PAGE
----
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Aachen, Germany

Our first destination after settling into our European home in August was Aachen, Germany, known in French as Aix-la-Chapelle. Despite being in a different country, it was only a short train ride from Verviers, Belgium, and although today the town is little known beyond its own regions, it was once the capital of the illustrious Charlemagne and his Frankish Empire.

I was amazed by Aachen Cathedral, the coffin of Charlemagne, and the old Byzantine-style mosaics on the ceiling of the cathedral. But I also enjoyed the cultural experience–this was my first visit to Germany, after all! It was also my first time to leave Belgium while in Europe, and the first place to visit where French was not spoken (I certainly utilized the two German words I know: hallo and danke!).

For supper some friends and I found a small place that sold baked potatoes, but these were no average baked potatoes. There were many choices of toppings, but mine included cheese, pickles, and green olives, among other ingredients, all in great quantities. We wandered around the city in search of the ancient Roman baths built upon the hot springs of Aachen, and while we never came across them, we did find a very nice park with a hill and a view, as well as some gardens and fountains. We found Aachen to be a very charming city, in all.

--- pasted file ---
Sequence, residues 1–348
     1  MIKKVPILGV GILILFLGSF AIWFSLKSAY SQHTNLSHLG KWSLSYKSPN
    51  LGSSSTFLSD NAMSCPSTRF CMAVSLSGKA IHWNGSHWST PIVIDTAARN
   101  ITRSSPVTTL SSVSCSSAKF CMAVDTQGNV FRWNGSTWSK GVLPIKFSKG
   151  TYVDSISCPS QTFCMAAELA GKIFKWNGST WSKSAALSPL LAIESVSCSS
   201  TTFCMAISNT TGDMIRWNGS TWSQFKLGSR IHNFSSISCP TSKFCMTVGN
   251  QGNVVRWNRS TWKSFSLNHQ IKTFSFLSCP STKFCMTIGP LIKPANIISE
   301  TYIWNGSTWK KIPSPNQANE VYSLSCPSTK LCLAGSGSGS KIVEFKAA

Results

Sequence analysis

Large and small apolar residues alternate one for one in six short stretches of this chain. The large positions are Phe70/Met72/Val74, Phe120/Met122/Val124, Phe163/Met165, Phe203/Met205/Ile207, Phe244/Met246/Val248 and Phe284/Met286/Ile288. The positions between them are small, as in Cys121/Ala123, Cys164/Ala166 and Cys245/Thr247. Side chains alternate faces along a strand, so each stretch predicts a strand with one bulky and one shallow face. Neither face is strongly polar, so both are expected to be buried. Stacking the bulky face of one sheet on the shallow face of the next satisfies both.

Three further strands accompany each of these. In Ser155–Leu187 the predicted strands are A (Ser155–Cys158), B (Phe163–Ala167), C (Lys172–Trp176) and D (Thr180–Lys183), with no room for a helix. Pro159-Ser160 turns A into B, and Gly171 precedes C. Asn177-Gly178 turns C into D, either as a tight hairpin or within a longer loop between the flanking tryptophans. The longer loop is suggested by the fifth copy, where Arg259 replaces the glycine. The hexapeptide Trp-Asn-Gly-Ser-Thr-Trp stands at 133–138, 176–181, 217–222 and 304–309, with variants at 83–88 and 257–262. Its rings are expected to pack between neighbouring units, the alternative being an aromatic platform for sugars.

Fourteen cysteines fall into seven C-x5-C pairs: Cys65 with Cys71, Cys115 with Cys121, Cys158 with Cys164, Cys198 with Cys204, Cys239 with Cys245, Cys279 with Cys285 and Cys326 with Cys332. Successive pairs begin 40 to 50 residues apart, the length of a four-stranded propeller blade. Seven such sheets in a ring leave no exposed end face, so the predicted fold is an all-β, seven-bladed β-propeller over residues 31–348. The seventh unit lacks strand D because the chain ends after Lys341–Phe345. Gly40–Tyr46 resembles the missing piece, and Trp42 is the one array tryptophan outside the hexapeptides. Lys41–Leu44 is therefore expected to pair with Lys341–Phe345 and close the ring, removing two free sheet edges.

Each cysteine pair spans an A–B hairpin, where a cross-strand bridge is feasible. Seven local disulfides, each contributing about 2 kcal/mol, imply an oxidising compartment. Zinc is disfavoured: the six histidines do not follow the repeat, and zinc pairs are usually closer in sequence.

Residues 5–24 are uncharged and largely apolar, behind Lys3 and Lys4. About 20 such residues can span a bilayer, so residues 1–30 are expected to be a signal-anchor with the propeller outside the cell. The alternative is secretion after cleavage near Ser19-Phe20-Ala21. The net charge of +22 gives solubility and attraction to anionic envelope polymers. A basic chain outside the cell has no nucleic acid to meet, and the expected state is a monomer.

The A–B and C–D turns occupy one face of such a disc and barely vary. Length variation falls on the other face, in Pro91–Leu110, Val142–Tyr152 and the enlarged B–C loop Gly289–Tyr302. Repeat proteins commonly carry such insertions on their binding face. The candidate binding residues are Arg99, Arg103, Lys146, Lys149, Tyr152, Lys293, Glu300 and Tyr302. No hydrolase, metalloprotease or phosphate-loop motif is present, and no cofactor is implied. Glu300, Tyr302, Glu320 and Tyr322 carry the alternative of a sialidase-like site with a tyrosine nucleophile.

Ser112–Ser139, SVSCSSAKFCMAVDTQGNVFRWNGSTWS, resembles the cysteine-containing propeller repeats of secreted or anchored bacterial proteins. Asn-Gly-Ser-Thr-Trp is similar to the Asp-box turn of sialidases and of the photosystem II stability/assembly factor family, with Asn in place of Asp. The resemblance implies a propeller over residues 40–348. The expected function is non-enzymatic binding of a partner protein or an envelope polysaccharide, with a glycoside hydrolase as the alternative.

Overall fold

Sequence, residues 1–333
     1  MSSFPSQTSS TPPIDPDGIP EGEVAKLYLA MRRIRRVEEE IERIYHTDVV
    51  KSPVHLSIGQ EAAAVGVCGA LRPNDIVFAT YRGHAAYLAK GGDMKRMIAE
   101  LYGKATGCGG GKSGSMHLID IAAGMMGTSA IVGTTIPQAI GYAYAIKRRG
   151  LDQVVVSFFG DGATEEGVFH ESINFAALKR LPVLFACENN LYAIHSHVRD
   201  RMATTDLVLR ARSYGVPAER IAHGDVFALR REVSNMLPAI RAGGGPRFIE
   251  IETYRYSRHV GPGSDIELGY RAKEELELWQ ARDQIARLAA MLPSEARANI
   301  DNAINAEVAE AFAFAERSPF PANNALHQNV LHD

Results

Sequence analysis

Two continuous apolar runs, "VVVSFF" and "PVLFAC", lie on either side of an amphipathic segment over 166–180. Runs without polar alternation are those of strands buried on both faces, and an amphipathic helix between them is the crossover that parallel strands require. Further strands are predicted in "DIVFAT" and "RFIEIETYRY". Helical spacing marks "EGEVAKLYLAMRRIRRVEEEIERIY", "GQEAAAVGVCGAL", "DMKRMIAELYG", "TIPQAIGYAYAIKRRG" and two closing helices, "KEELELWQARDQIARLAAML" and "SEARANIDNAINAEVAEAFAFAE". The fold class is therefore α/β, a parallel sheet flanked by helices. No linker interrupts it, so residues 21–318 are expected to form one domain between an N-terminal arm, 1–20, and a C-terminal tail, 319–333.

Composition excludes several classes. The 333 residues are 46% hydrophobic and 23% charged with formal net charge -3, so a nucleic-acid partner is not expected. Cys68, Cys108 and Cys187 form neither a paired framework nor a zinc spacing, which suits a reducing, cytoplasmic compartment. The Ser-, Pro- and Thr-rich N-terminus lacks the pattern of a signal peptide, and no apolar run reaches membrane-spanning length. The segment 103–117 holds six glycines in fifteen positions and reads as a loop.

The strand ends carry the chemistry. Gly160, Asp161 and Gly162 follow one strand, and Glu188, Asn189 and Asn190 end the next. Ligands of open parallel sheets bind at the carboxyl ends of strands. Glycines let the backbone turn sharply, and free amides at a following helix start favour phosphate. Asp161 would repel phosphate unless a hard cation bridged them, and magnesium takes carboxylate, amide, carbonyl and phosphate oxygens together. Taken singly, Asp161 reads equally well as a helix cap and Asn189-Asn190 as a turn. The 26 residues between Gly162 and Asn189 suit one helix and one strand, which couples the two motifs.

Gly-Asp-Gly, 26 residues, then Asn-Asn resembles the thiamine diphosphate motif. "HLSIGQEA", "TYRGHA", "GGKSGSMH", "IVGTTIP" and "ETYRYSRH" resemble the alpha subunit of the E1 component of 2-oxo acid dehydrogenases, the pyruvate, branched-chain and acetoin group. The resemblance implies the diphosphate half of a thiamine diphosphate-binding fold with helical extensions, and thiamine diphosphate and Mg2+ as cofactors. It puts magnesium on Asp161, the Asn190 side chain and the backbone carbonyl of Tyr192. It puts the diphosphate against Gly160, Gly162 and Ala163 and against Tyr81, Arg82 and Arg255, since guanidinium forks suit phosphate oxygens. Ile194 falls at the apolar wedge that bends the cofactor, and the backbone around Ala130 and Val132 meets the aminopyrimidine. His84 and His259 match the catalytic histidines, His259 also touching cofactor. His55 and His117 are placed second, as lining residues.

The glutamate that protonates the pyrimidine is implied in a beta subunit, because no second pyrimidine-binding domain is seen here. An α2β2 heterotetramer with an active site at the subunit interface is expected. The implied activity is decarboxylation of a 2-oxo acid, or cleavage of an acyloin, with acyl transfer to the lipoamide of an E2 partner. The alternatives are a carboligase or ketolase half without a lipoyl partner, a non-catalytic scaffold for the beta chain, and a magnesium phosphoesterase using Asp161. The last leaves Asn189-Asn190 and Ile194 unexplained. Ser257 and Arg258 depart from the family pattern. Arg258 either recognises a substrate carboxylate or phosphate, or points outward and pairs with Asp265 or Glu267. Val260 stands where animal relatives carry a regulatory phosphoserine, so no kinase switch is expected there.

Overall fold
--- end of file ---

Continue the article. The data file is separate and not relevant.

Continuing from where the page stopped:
As we were going to the train station to return to Belgium, my sister and I spotted an Aldi store, and we decided to pop in. Aldi is a German company, but they have only recently begun expanding into Texas. We bought a few things, including stracciatella yogurt, which proved to be quite tasty (stracciatella simply means vanilla with bits of chocolate).

And thus was my first experience in Germany! Click here to see some more pictures I took there.

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